Ken Cronin, chief executive of UK Onshore Oil& Gas (UKOOG) says that based on current activity in the North Sea, by 2035 about 75% of the UK’s gas needs will be met by imports, “which will have economic and environmental consequences”.

He argues that gas imports over domestic production would mean “swapping the jobs we have in the North Sea to countries outside the UK, and also offshoring taxation”.


In addition, transporting gas, either liquefied natural gas or pipeline gas, leaves an environmental footprint.

“This would mean essentially outsourcing CO2 emissions,” Cronin says. “The choice we have now is to continue to import gas or to start producing it domestically. We believe shale production is better environmentally than importing pipeline gas or LNG, since it produces 50% less emissions.”

Cronin’s position is echoed by Francis Egan, chief executive of Cuadrilla, who tells Upstream: “Establishing a domestic gas supply will create significant economic prosperity including jobs and tax revenues, reduce our reliance and expenditure on foreign gas imports and generate lower CO2 emissions than imported gas.

“We urge the government to support our request for a review of the regulations and assist the onshore shale gas industry in becoming commercially viable and assisting the country in achieving our ambitious climate change aims,” Egan adds.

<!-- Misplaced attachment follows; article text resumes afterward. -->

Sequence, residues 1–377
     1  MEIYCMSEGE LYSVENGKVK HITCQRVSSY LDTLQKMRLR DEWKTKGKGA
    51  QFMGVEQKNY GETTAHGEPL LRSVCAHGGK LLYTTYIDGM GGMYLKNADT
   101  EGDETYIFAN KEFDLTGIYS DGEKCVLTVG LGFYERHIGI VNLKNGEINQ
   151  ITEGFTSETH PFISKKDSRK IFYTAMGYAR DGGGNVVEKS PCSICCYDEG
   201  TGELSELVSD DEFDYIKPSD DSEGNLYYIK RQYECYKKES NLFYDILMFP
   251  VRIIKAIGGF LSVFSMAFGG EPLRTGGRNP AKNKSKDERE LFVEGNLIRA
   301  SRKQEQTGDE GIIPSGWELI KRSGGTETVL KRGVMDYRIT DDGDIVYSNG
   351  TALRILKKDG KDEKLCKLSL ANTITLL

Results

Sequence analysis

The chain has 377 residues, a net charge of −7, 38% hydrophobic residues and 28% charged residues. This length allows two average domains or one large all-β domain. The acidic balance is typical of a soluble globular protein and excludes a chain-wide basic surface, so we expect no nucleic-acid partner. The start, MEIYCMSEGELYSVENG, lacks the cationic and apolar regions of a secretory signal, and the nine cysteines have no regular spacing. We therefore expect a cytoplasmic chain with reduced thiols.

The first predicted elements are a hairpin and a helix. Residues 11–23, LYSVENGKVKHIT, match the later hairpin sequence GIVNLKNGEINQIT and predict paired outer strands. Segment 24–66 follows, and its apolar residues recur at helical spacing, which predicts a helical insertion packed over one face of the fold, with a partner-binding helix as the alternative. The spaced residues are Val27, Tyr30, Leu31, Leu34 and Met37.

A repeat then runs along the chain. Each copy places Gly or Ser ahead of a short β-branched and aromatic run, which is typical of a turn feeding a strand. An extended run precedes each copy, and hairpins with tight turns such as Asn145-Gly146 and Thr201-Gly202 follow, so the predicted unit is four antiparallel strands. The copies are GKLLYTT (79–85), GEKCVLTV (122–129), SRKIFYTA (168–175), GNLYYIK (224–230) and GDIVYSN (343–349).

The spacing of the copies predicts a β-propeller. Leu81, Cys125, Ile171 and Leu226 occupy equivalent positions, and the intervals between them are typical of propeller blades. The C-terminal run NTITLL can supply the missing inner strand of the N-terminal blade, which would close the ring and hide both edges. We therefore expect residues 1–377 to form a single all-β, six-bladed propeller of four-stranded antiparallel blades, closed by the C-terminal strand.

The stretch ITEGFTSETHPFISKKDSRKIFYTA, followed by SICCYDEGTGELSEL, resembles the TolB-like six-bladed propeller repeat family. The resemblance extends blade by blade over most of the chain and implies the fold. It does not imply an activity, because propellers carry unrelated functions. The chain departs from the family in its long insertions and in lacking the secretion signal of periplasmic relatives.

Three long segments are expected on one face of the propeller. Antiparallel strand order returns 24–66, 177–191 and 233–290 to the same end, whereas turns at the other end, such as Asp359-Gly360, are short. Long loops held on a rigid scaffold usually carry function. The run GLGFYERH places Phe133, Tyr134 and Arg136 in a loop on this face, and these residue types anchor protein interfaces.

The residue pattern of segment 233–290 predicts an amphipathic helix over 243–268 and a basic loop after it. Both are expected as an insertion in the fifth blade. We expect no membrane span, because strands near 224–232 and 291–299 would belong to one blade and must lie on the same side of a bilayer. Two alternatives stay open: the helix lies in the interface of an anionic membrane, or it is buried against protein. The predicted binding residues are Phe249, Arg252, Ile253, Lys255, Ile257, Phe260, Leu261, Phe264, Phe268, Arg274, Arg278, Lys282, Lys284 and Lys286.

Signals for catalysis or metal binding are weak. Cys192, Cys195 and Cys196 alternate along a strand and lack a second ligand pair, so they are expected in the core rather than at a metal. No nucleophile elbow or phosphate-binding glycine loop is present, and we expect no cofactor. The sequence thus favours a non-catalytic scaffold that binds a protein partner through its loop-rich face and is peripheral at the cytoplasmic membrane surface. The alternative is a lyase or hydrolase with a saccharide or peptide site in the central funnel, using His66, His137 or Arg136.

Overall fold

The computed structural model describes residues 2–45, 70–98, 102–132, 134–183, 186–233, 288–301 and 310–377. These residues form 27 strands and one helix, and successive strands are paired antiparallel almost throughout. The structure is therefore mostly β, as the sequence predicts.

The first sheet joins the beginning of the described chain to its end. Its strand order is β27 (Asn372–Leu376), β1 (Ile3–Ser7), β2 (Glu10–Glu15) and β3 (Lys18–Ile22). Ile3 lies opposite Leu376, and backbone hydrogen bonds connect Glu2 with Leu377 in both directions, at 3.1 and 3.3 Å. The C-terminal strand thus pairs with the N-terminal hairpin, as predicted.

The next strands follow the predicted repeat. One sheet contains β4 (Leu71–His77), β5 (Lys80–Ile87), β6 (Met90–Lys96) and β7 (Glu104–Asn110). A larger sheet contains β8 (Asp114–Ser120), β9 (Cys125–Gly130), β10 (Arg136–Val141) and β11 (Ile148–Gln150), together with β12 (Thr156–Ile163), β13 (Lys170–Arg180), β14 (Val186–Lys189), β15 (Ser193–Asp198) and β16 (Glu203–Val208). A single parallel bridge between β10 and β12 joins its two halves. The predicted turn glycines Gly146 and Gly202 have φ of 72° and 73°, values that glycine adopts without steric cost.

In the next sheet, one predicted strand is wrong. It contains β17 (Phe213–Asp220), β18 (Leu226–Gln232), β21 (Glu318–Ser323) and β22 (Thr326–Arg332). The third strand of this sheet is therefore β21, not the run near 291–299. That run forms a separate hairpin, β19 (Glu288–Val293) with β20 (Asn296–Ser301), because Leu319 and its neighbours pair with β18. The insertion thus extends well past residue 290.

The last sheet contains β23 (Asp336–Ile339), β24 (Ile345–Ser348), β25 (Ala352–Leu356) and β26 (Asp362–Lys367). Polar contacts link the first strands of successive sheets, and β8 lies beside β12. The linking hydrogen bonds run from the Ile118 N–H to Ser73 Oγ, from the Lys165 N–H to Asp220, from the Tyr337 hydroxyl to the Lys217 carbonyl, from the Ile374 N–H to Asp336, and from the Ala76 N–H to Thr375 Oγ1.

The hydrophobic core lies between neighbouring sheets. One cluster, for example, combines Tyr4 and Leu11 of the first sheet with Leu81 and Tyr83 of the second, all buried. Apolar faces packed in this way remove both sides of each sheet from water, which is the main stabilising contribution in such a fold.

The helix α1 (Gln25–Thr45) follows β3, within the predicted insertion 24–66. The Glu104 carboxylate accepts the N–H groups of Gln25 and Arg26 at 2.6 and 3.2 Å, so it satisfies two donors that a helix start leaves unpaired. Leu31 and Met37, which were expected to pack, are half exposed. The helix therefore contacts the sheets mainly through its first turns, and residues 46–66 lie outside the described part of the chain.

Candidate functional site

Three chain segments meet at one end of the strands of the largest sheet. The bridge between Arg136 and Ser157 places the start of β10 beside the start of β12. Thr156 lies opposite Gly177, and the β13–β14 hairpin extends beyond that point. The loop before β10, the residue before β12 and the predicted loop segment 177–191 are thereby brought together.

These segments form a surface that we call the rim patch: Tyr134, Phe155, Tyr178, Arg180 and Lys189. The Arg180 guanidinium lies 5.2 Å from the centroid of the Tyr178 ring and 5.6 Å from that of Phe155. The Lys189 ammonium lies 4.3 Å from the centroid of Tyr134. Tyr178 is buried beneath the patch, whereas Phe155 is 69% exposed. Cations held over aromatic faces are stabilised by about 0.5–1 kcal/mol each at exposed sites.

However, the Climate Change Committee (CCC), the organisation that gives the government independent advice, concludes in a report that “shale gas exploitation by fracking on a significant scale is not compatible with the UK’s climate change targets unless certain criteria (are) met”.


According to the CCC, emissions “must be strictly limited during shale gas development, production and well decommissioning”, requiring “tight regulation, close monitoring of emissions, and rapid action to address methane leaks”.

In addition, the CCC recommends that production of UK shale gas must displace imports, rather than increase gas consumption, and that emissions from shale exploitation be offset by emissions reductions in other areas of the economy to ensure UK carbon budgets are met.